Plato used the term eristic to mean seeking victory in argument, without concern for the truth, and Schopenhauer asserted that eristic arguments possess no objective truth, only the appearance of truth. To argue eristically is to argue for rhetorical victory without being concerned with the truth. In philosophy, anti-logic or eristic argumentation is used to silence an opponent by making his position seem contradictory.
If truth in the Cuba policy debate is to be found, it must be free from the anti-logical argumentation of “old policy failure” that the President and his supporters repeatedly invoke.
Yes, as the President claims, economic sanctions have failed to change the nature of the Cuban polity and Cuba’s totalitarian regime is still in place. By the President’s logic, an effective policy would have to be one that succeeds in dismantling Cuba’s totalitarianism. In the President’s formulation, the yardstick for a successful policy is whether the Castro regime survives it or not.
It follows then, that he expects his new Cuba policy to work. That is, diplomatic engagement, ending economic sanctions and making concessions are all designed to bring down the Castro regime. This logic is implicit in the statements regarding the failure of the old policy and the expected success of the new one.
In the realm of logic, the President cannot avoid claiming that his new policy aims to change the nature of the Cuban regime, given that he has discarded the old policy on the basis that it failed to do just that. If the goal is not to change the totalitarian nature of the regime, then it is necessarily a policy that favors the Cuban regime in some dimension.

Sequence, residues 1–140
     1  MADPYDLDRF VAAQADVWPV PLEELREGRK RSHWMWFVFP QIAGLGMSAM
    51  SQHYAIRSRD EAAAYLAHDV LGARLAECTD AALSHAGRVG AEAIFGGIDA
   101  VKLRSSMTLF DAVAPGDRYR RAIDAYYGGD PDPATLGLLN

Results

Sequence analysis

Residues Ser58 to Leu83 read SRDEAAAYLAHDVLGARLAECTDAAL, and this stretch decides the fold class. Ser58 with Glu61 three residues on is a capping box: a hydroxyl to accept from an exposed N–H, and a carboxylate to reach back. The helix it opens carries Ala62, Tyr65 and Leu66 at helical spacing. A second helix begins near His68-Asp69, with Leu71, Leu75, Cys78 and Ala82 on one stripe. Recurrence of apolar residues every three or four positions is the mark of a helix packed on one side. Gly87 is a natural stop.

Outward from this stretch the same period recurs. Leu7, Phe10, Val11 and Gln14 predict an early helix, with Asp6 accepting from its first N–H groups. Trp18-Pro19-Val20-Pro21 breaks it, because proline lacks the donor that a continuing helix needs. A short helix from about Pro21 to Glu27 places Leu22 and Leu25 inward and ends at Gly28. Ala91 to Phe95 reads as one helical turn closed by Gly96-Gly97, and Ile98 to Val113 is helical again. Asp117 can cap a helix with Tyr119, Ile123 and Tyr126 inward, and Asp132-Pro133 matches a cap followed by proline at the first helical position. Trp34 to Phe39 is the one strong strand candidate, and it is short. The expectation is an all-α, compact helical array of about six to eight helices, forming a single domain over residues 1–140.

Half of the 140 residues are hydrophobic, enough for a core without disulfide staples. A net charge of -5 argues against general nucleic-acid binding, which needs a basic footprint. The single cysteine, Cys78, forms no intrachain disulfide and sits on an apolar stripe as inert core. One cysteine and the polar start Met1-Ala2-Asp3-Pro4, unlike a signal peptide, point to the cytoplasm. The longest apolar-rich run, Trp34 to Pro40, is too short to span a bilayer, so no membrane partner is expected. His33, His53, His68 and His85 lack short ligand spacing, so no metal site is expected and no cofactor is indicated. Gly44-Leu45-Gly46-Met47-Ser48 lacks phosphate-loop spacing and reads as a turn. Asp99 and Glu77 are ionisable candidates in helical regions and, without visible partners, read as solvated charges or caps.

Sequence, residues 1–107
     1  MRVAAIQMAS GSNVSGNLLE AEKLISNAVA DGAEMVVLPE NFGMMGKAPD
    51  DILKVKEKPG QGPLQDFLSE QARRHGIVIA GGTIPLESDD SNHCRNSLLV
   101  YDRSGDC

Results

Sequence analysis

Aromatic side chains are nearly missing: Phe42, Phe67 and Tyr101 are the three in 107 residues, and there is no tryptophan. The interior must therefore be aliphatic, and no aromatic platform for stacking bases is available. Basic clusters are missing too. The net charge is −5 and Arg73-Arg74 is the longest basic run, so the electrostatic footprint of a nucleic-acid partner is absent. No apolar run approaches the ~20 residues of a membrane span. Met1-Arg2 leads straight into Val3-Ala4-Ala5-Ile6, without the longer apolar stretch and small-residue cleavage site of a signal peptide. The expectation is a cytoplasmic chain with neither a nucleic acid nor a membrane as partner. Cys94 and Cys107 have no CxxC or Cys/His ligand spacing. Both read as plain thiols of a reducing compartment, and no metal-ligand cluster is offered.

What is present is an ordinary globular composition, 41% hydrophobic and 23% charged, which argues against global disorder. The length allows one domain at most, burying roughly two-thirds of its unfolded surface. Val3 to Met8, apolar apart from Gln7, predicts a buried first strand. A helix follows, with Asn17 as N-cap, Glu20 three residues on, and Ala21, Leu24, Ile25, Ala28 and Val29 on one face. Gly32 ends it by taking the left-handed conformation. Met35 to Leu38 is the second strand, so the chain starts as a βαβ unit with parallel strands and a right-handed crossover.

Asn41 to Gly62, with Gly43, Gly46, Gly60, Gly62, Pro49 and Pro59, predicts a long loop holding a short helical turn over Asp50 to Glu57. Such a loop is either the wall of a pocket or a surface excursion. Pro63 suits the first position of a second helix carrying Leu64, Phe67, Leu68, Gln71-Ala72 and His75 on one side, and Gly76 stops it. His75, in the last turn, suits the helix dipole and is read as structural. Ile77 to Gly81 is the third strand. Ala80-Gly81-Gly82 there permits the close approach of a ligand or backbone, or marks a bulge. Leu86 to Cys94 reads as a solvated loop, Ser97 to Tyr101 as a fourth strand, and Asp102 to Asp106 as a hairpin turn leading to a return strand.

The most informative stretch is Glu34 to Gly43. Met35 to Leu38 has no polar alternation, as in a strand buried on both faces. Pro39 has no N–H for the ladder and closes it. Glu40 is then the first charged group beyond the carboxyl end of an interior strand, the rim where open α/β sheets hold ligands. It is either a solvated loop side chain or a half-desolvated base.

Also, unless the President and his supporters believe that this stratagem has escaped the attention of the Castro regime, we can assume that General Castro recognizes the new policy as one that aspires to end his regime.
This begs a question that exposes the fallacy of the President’s logic: Why would the Castro regime go along with a new policy designed to bring about its demise?
The Castro clan is not suicidal. They will only go along with changes that they can manage to their benefit and no more. Marketplace reforms will be firmly restricted so as to not lose control. This is the unequivocal message of the VII Congress of the Cuban Communist Party in April 2016, in which the Cuban leadership virulently denounced the Obama approach.
Cuba’s Foreign Minister Bruno Rodriguez was explicit:
“President Obama’s recent trip to Cuba was at least in part “a deep attack on our ideas, our history, our culture and our symbols.”